The Senate as early as Friday could hold a final vote on a tax reform bill that would effectively eliminate the Affordable Care Act's (ACA) individual mandate. The bill's health care provisions have faced widespread criticism from patient and provider groups.
According to Bloomberg, Senate Majority Leader Mitch McConnell (R-Ky.) on Friday said Republicans had enough votes to pass the bill. If the bill passes, Senate Republicans would need to reconcile their bill with a version (HR 1) approved earlier this year by the House, which does not include a similar individual mandate provision. Alternatively, the House could vote on the Senate-passed bill, but according to the Wall Street Journal, House leaders have opposed such a move.
Tax reform details
The Senate's tax reform measure was in flux Friday morning as Republican leaders sought to wrangle support for the bill. The measure currently includes a permanent 20% corporate tax cut as well as temporary tax reductions for individuals and pass-through businesses that expire after 2025.
Individual mandate repeal
The bill also would eliminate the penalty most U.S. residents who do not have health insurance must pay under the ACA's individual mandate. The Congressional Budget Office (CBO) has estimated that doing so would lead health premium rates to increase by approximately 10%, while about 13 million fewer U.S. residents would have health coverage in 2027, with eight million fewer U.S. residents enrolled in exchange coverage and five million fewer U.S. residents enrolled in Medicaid.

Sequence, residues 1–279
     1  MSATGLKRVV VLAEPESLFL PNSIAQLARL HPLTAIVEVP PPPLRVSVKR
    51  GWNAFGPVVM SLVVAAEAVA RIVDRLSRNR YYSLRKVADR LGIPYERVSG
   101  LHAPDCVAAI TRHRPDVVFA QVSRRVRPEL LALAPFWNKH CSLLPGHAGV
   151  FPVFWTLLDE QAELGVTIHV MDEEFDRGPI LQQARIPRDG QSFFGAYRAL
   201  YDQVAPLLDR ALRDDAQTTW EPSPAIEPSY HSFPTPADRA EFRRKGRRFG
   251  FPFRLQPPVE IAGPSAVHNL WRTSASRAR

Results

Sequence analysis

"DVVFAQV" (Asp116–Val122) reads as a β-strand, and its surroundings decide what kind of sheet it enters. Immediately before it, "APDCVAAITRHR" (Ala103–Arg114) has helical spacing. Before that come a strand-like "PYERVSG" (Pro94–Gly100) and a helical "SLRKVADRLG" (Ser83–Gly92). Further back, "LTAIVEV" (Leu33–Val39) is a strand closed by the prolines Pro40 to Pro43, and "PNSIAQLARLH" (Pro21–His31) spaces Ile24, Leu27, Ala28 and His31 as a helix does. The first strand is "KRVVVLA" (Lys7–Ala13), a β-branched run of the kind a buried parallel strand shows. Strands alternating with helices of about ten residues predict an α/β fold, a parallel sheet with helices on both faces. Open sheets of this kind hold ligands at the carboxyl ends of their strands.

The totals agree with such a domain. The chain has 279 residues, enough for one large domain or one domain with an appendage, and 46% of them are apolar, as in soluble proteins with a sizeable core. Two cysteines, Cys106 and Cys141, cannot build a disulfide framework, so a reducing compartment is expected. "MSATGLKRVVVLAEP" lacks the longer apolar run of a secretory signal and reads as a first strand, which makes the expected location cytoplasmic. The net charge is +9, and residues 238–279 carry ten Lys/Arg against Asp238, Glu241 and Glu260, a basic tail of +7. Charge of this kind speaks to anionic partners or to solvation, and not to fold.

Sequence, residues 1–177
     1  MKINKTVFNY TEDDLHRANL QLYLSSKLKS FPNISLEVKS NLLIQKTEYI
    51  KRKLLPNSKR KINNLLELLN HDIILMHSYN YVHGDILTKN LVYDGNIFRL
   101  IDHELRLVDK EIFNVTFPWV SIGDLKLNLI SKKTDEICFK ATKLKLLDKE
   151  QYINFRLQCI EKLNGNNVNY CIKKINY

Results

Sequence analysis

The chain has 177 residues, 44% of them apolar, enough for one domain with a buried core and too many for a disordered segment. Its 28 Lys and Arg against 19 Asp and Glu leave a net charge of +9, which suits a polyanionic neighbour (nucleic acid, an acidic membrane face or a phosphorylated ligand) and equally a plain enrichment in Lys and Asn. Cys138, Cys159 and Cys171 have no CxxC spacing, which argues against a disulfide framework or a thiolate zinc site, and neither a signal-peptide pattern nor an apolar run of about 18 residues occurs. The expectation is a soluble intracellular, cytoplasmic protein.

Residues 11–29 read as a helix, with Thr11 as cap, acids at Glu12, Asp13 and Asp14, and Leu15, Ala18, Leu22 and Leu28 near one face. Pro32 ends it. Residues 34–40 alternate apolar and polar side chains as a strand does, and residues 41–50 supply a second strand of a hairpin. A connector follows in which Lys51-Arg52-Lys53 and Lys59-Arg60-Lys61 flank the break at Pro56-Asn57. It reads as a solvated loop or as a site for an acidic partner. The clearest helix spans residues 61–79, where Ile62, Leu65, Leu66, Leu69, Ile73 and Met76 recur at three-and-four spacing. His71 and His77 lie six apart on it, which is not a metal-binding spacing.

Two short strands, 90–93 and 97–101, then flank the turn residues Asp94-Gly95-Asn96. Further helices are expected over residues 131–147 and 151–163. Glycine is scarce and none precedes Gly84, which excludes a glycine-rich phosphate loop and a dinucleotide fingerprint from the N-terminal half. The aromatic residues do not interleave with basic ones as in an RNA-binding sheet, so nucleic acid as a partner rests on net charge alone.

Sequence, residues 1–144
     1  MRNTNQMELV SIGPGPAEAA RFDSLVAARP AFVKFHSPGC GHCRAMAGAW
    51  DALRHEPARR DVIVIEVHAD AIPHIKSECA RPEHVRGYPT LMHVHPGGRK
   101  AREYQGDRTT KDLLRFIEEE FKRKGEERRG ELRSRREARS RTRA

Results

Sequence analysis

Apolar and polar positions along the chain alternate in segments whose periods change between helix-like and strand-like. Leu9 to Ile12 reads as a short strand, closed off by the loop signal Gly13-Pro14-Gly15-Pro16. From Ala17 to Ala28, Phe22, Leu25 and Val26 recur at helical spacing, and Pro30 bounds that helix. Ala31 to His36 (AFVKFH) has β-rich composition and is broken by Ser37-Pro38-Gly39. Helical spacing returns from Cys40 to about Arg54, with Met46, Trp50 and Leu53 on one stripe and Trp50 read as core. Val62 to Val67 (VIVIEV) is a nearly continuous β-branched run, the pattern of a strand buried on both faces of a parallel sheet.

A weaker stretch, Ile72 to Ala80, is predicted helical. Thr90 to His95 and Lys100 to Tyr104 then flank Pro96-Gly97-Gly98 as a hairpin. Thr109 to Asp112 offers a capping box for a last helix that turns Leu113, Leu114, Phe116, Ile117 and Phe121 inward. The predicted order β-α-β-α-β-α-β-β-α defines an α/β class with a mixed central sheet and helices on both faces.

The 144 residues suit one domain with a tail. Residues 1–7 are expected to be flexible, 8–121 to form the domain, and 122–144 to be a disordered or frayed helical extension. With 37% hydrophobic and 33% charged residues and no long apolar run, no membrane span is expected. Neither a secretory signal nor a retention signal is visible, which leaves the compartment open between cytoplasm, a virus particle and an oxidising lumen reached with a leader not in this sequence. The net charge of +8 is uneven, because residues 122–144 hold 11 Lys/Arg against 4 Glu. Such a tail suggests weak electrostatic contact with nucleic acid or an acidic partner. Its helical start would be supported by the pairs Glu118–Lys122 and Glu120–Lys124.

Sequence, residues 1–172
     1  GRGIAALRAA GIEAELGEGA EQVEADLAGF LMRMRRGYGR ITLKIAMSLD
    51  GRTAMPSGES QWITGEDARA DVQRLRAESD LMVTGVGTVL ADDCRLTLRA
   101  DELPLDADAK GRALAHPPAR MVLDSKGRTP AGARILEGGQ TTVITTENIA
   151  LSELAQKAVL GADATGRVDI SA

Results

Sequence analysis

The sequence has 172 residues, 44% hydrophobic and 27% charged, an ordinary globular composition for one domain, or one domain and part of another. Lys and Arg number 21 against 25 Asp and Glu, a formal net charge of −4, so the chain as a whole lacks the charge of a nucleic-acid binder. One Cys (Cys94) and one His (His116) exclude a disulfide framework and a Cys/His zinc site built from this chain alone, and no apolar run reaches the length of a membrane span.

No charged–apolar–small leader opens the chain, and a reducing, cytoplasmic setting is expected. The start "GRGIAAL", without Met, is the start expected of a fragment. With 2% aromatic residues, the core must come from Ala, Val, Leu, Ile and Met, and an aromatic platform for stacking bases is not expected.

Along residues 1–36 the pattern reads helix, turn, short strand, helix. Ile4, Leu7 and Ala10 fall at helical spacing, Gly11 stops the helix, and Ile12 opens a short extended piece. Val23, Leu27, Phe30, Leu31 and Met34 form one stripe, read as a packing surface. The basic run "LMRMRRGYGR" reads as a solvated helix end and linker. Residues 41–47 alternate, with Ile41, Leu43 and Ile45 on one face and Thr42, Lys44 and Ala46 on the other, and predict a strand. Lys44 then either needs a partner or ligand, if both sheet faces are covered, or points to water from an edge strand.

Potential automatic cuts in Medicare, other federal programs
The Senate bill would significantly increase the federal budget deficit, which Vox reports could trigger automatic, offsetting spending cuts under the Statutory Pay-As-You-Go Act of 2010, commonly known as "pay-go." According to Vox, that could lead to $136 billion in automatic spending cuts in fiscal year (FY) 2018, including $25 billion in cuts to Medicare spending.
CBO in an analysis earlier this month said if Congress passed a hypothetical bill that increased the federal deficit by $1.5 trillion over a decade—roughly the budgetary impact of the House-passed tax reform measure—and did not pass separate legislation to offset the deficit increase or waive pay-go requirements, then the Office of Management and Budget "would be required to issue a sequestration order within 15 days of the end of the session of Congress to reduce spending in fiscal year 2018 by … $136 billion"—which is equal to the $150 billion annual deficit increase minus $14 billion in savings accrued from other legislation passed by Congress during this term.
However, some Senate GOP leaders expressed confidence that lawmakers would reach a deal to avoid the pay-go requirement, Politico reports. Doing so would require support from Democrats to reach a 60-vote majority.